Respondent Johnny Lee Nelson pleaded guilty in Arkansas state court to burglary, a class B felony, and misdemeanor theft. He was sentenced under the State's habitual criminal

Page 35

statute, which provides that a defendant who is convicted of a class B felony and "who has previously been convicted of . . . [or] found guilty of four [4] or more felonies," may be sentenced to an enhanced term of imprisonment of between 20 and 40 years. Ark.Stat.Ann. § 41-1001(2)(b) (1977) (current version at Ark. Code Ann. § 5-4-501 (1987)). To have a convicted defendant's sentence enhanced under the statute, the State must prove beyond a reasonable doubt, at a separate sentencing hearing, that the defendant has the requisite number of prior felony convictions. § 41-1005 (current version at Ark. Code Ann. § 5-4-502 (1987)); § 41-1003 (current version at Ark. Code Ann. § 5-4-504 (1987)). Section 41-1003 of the statute sets out the means by which the prosecution may prove the prior felony convictions, providing that "[a] previous conviction or finding of guilt of a felony may be proved by any evidence that satisfies the trier of fact beyond a reasonable doubt that the defendant was convicted or found guilty," and that three types of documents, including "a duly certified copy of the record of a previous conviction or finding of guilt by a court of record," are "sufficient to support a finding of a prior conviction or finding of guilt." § 41-1003 (current version at Ark. Code Ann. § 5-4-504 (1987)).1 The defendant is entitled to challenge the State's evidence of his prior convictions and to rebut it with evidence

Page 36

of his own. § 41-1005(2) (current version at Ark. Code Ann. § 5-4-502(2) (1987)).

At respondent's sentencing hearing, the State introduced, without objection from the defense, certified copies of four prior felony convictions. Unbeknownst to the prosecutor, one of those convictions had been pardoned by the Governor several years after its entry. Defense counsel made no objection to the admission of the pardoned conviction, because he too was unaware of the Governor's action. On cross-examination, respondent indicated his belief that the conviction in question had been pardoned. The prosecutor suggested that respondent was confusing a pardon with a commutation to time served. Under questioning from the court, respondent agreed that the conviction had been commuted rather than pardoned, and the matter was not pursued any further.2 The case was submitted to the jury,3 which found that the State had met its burden of proving four prior convictions and imposed an enhanced sentence. The State courts upheld the enhanced sentence on both direct and collateral review, despite respondent's protestations that one of the convictions relied upon by the State had been pardoned.4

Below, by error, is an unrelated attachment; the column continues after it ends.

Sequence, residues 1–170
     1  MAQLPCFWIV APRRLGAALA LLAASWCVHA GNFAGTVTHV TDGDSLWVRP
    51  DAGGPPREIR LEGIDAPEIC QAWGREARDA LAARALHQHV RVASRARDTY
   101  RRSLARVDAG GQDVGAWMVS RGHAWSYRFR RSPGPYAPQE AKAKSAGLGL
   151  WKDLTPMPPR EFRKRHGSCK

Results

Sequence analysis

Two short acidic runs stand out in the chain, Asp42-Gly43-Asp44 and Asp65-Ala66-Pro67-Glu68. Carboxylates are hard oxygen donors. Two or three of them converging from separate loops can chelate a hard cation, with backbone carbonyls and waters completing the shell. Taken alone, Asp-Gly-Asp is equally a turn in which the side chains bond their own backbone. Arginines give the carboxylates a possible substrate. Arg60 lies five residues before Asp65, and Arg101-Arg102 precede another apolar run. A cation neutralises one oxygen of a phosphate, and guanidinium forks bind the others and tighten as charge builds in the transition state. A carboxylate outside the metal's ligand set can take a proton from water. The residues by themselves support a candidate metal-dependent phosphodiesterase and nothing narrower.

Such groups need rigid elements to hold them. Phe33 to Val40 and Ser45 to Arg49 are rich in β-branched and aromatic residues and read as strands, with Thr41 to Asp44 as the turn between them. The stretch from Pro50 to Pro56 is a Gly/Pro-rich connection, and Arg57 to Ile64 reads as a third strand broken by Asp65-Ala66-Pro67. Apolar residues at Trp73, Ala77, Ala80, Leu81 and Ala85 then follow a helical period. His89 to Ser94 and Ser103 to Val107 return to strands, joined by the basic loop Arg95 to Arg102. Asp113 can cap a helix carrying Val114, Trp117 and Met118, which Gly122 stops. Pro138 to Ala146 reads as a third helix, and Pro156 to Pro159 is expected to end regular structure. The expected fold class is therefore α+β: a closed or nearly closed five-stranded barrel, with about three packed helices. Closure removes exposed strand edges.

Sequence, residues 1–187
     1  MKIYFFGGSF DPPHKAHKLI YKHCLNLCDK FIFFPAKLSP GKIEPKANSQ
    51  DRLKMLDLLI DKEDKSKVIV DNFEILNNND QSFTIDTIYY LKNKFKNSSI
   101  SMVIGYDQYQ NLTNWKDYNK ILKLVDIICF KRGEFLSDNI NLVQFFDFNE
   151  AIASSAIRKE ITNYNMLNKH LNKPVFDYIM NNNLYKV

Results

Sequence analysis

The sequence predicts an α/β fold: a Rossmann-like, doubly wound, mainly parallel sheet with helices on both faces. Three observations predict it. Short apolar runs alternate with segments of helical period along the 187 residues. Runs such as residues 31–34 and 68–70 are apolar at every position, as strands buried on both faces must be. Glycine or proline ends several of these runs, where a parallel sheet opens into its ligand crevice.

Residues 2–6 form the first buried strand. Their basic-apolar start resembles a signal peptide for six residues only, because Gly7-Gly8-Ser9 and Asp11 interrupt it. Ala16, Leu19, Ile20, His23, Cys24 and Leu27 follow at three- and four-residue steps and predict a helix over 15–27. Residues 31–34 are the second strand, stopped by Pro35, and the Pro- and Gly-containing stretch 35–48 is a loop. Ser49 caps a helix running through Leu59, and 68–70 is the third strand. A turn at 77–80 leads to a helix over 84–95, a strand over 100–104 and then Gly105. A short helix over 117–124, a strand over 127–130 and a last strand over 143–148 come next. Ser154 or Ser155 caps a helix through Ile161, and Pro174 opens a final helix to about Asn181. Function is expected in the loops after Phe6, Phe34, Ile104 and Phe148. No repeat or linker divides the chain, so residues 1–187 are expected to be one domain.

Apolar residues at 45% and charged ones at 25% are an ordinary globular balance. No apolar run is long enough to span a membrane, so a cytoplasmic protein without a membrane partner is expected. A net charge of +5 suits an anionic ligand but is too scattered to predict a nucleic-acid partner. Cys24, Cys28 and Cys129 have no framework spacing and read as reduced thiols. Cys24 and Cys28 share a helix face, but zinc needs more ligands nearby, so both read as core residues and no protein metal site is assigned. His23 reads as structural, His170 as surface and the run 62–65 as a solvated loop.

Page 37

Several years later, respondent sought a writ of habeas corpus in the United States District Court, contending once again that the enhanced sentence was invalid because one of the prior convictions used to support it had been pardoned. When an investigation undertaken by the State at the District Court's request revealed that the conviction in question had in fact been pardoned, the District Court declared the enhanced sentence to be invalid. The State announced its intention to resentence respondent as a habitual offender, using another prior conviction not offered or admitted at the initial sentencing hearing, and respondent interposed a claim of double jeopardy. After hearing arguments from counsel, the District Court decided that the Double Jeopardy Clause prevented the State from attempting to resentence respondent as a habitual offender on the burglary charge. 641 F.Supp. 174 (ED Ark.1986).5 The Court of Appeals for the Eighth Circuit affirmed. 828 F.2d 446 (1987). The Court of Appeals reasoned that the pardoned conviction was not admissible under state law, and that "[w]ithout [it], the state has failed to provide sufficient evidence" to sustain the enhanced sentence. Id., at 449-450. We granted certiorari to review this interpretation of the Double Jeopardy Clause. 485 U.S. 904, 108 S.Ct. 1073, 99 L.Ed.2d 233 (1988).6

Page 38

The Double Jeopardy Clause of the Fifth Amendment, made applicable to the States through the Fourteenth Amendment, see Benton v. Maryland, 395 U.S. 784, 89 S.Ct. 2056, 23 L.Ed.2d 707 (1969), provides that no person shall "be subject for the same offense to be twice put in jeopardy." It has long been settled, however, that the Double Jeopardy Clause's general prohibition against successive prosecutions does not prevent the government from retrying a defendant who succeeds in getting his first conviction set aside, through direct appeal or collateral attack, because of some error in the proceedings leading to conviction. United States v. Ball, 163 U.S. 662, 16 S.Ct. 1192, 41 L.Ed. 300 (1896) (retrial permissible following reversal of conviction on direct appeal); United States v. Tateo, 377 U.S. 463, 84 S.Ct. 1587, 12 L.Ed.2d 448 (1964) (retrial permissible when conviction declared invalid on collateral attack). This rule, which is a "well-established part of our constitutional jurisprudence," id., at 465, 84 S.Ct., at 1588, is necessary in order to ensure the "sound administration of justice":